Though Trump has repeatedly and expressly mentioned his sizeist scorched-earth campaign against Rosie O’Donnell, she is not a beauty queen and hasn’t apparently merited the same degree of attention or sympathy. So I highly doubt that the electorate would have rode out White Knight-style against Trump’s debate-night fat shaming if that shaming happened to, say, a former employee who looks like me: size 26, with hips that spread whenever I sit down.

Our cultural consciousness may have rejected the heroin-chic skinniness that dominated the mid-'90s. We may spread the gospel against Photoshopping models and actresses and pump our fists to songs like Beyoncé's “Pretty Hurts” but the old standards that equate fatness with ugliness, laziness, stupidity and even moral failure still thrive.

Only now they are couched in messages about health and wellness, about living your sassiest, most satisfying and, yes, your “best” life. Much of the rah-rah jingoism surrounding the body positivity that lauds Jennifer Lawrence as a real-life heroine for gushing about her love of pizza, rallies behind Victoria’s Secret supermodel Gigi Hadid for proudly proclaiming that she has “boobs [and] a butt” and praises Amy Schumer for insisting that she not be airbrushed on the cover of Entertainment Weekly (even as she boasts that she’s a “proud size 6 yo”) is about saving “normal,” “healthy” and “curvy” women from the damnation of actual fatness.

The rings of Fatness Hell include job discrimination, life-threateningly inadequate medical care, mockery within almost all forms of entertainment and daily public humiliation. The holy light of body acceptance doesn’t redeem people with actually fat bodies.

That’s how I knew that as soon as Clinton mentioned Machado, it meant Trump’s ass. The smoke wisping off her gun barrels was not only our collective revulsion at a powerful man using his position to humiliate a vulnerable young woman. Some were reacting to their own memories of being hectored and bullied. Others were also unmistakably swept up in the great fury and fear that if a woman who looks like Machado could ever be considered fat, then so could they.

The Clinton ad featuring Machado explains this terror perfectly, if perhaps unconsciously, through one of the tabloid captions that appears after a clip of Miss Universe working out under the watchful eye of the press: “Beauty treated like a beast.”

Size-based bigotry is one face of the many-headed hydra of Trump’s misogyny and taking a sword to its neck is vital. Alicia Machado is a hero for running back into that monster’s den and subjecting herself to Trump's insults again. Some champions of the "you go, girl" rhetoric about body positivity who set out to castigate Trump, however, ironically end up reinforcing his views that to be fat is to be less of a woman and less of a person — a beast.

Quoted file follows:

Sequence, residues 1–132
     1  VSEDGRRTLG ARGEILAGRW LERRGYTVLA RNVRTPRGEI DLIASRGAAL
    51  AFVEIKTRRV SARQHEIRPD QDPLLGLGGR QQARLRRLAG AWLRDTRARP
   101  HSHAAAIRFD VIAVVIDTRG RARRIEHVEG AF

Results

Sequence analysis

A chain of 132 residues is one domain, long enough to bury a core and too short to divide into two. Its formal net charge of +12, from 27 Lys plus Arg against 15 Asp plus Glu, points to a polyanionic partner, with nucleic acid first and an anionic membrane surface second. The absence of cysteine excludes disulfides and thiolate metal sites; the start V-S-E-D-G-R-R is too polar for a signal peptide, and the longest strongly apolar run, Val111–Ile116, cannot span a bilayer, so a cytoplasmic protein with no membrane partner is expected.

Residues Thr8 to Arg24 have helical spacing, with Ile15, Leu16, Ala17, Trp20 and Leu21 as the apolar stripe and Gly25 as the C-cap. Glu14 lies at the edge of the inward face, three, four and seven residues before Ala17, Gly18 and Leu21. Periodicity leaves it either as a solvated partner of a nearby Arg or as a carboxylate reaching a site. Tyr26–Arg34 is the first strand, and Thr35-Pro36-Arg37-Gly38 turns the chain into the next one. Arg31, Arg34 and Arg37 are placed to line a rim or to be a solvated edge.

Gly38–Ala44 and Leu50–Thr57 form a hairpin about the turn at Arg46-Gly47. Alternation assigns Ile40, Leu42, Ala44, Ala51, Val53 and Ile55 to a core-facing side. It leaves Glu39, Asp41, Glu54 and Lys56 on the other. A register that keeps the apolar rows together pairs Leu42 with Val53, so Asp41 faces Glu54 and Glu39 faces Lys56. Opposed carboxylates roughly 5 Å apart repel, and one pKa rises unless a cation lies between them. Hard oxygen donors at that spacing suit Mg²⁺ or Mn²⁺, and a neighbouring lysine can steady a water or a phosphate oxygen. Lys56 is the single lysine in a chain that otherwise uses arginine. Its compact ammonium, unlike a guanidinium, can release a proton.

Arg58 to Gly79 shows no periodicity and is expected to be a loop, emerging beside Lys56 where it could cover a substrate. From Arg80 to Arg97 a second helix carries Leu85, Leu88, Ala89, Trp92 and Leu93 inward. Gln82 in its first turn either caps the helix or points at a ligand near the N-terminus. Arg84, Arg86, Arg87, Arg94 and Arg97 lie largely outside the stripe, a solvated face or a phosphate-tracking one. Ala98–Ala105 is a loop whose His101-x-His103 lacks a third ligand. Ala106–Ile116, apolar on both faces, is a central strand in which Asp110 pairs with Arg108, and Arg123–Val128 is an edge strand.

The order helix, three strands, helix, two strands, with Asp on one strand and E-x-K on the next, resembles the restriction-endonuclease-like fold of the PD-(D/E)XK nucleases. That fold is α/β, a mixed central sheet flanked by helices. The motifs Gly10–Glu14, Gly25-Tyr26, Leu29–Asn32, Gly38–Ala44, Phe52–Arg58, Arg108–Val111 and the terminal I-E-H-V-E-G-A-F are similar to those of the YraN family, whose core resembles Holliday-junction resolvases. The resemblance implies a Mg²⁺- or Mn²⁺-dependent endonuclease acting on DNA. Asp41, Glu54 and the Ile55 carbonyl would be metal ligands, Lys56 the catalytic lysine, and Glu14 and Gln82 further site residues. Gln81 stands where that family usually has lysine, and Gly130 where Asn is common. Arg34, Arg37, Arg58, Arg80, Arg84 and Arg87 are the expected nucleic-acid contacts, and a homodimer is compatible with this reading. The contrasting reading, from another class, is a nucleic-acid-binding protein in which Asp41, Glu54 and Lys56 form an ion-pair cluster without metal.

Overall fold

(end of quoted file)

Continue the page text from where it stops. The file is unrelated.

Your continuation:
I have read well-meaning articles that make statements like “the thing is that fat-shaming doesn’t help people get thinner, and the stigma it creates does more damage than good,” which may superficially seem to be challenging diet culture but in fact only affirm size acceptance in its capacity to help people become “healthier” in fairly conventional ways. In August, Sara Benincasa’s master class in clapping back at a man who had written her to ask her why she had gained “so much weight” went viral: It appeared across my social-media feeds with an assortment of “yes!” and “this!” — and rightfully excoriated the reader who presumed that Benincasa’s body was in any way his business.

I’m with Lesley Kinzel, however, in her hope “that the people giving props to an average-sized woman saying fuck you to uninvited commentary would give the same props to someone much fatter” and in her sad suspicion that when "a woman in a size-10 dress is castigating the establishment that finds her body unacceptable, many of those people who wouldn’t make eye contact with me? They’re cheering for her.” Size acceptance is possible only when you’re an acceptable size.

Even though Machado and I are separated by many dress sizes, we have both borne the scarlet F. The difference is, of course, that she can slip free from the label and I can't. In order to fully vanquish the Trumpian malevolence that harms women of all sizes, we need to promote body positivity that not only extends empathy to Alicia Machado for failing to attain some higher level of so-called perfection (and to the average woman who is desperate to look like Machado even at her “fattest”) but also to a woman like me, who is unabashedly, unapologetically fat.

Where is the great vengeance and furious anger for us, when every day, online and in the real world, we must walk through a gauntlet of hatred and abuse? We need more than simply “size acceptance.” We deserve respect, protection and even celebration.

By Laura Bogart

Laura Bogart is the author of the novel "Don't You Know I Love You" (Dzanc Book, 2020). Her work has appeared in DAME, The Guardian, The Atlantic, and other publications.